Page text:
We were on the deck of a ferry named MV Beautiful Stars, on a drizzly Saturday morning before the grand Sinulog festival day. It was the traditional fluvial parade, but not much was happening and we were uncertain of what we were waiting for. We’ve been on the ship since before dawn, idling the time away on the cramped passenger bunk beds while Mass was celebrated in the ship’s main hold below. Though people lined up the length of the deck’s railings, I could see through just enough to watch Cebu City in the blue overcast dawn. The city is decidedly distinct from Manila in how it is so close not just to the sea, but to the mountains as well. Cebu’s tallest towers are eclipsed by the mountains beyond when viewed from the sea. In Manila one could spend days without noticing the distant mountains, if one were to be completely lost in the urban jungle as I often am.
Someone in the group eventually found a way for us to get out onto the foredeck. While I was carefully stepping over the pipes and valves on the metal floor, a band started playing the festive notes of that trademark Sinulog melody to the channel’s salty air. That was when I saw the most remarkable of the many dances I was to witness in Cebu that weekend: a young lady, in casual shirt and jeans, swaying and swiveling while firmly holding with both hands a diminutive image of the Santo Niño. It seemed like someone merely handed her, a random passenger, the image and asked her to dance to fill the gap while the professional dancers were still preparing. It was a pure, spontaneous dance; not unique as it was the same dance that any lady holding a Sto. Niño would perform during the festival, but it was personal. Eventually the dancers in María Clara dresses and barong arrived, and performed their choreographed dance to everyone’s satisfaction.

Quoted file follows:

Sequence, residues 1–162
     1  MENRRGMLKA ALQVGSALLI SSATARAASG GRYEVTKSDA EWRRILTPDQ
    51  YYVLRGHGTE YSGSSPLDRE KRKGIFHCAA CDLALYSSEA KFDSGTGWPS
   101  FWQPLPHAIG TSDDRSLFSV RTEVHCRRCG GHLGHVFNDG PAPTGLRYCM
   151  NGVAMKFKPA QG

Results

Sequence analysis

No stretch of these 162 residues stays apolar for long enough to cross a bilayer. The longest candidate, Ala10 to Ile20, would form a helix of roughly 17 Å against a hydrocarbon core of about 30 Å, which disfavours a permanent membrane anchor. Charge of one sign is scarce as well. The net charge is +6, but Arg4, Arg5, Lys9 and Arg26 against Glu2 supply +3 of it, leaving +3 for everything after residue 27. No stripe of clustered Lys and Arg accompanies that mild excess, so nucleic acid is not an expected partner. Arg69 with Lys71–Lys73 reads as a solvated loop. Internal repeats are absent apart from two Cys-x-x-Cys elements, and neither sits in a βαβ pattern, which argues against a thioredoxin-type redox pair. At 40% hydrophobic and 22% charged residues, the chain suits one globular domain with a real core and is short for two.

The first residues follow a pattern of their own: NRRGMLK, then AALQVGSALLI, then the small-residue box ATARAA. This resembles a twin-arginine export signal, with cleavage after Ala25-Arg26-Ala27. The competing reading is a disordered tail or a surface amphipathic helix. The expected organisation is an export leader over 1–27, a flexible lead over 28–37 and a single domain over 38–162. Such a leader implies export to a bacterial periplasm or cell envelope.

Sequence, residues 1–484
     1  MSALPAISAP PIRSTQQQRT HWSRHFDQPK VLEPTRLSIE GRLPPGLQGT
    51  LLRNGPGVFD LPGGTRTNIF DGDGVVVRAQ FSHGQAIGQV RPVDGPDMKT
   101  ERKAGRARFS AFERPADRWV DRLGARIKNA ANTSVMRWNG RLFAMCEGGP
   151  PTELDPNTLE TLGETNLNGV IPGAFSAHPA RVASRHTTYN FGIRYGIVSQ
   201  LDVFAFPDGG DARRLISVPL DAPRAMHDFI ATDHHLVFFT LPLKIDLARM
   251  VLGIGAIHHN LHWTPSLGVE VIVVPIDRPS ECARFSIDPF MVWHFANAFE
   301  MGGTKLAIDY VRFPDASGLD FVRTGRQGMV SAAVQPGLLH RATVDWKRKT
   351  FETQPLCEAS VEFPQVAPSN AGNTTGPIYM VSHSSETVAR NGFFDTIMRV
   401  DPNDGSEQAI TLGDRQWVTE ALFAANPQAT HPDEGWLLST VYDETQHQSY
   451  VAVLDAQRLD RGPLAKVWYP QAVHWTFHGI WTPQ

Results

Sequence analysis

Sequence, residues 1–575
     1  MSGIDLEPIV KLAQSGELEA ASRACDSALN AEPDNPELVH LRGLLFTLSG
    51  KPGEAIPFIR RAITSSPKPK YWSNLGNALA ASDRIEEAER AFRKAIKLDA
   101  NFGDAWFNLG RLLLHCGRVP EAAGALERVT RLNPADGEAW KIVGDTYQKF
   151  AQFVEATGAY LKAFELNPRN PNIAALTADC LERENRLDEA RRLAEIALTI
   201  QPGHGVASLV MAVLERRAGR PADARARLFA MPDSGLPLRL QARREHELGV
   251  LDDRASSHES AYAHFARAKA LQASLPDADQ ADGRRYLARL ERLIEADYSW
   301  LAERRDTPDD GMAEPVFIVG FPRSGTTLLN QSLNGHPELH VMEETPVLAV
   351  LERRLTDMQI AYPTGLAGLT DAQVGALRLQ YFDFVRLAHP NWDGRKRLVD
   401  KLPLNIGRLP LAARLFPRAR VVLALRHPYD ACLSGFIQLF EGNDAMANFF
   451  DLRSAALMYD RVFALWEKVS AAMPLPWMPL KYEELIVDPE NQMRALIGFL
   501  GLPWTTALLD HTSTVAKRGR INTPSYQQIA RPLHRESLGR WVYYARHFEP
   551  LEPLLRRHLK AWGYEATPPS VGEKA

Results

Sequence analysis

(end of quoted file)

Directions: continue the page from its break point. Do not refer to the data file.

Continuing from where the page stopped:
In the social sciences there is a hypothesis, popularly known as Dunbar’s number, which holds that there is a limit to the number of people an individual can maintain meaningful relationships with, which is approximately 150. According to its proponent, anthropologist Robin Dunbar, it is “the number of people you would not feel embarrassed about joining uninvited for a drink if you happened to bump into them in a bar.” Interestingly, this number has been supported by observations in society: it is the size of hunter-gatherer clans, Western military units throughout history, and the offices of firms with nonhierarchical organizational structures, among others.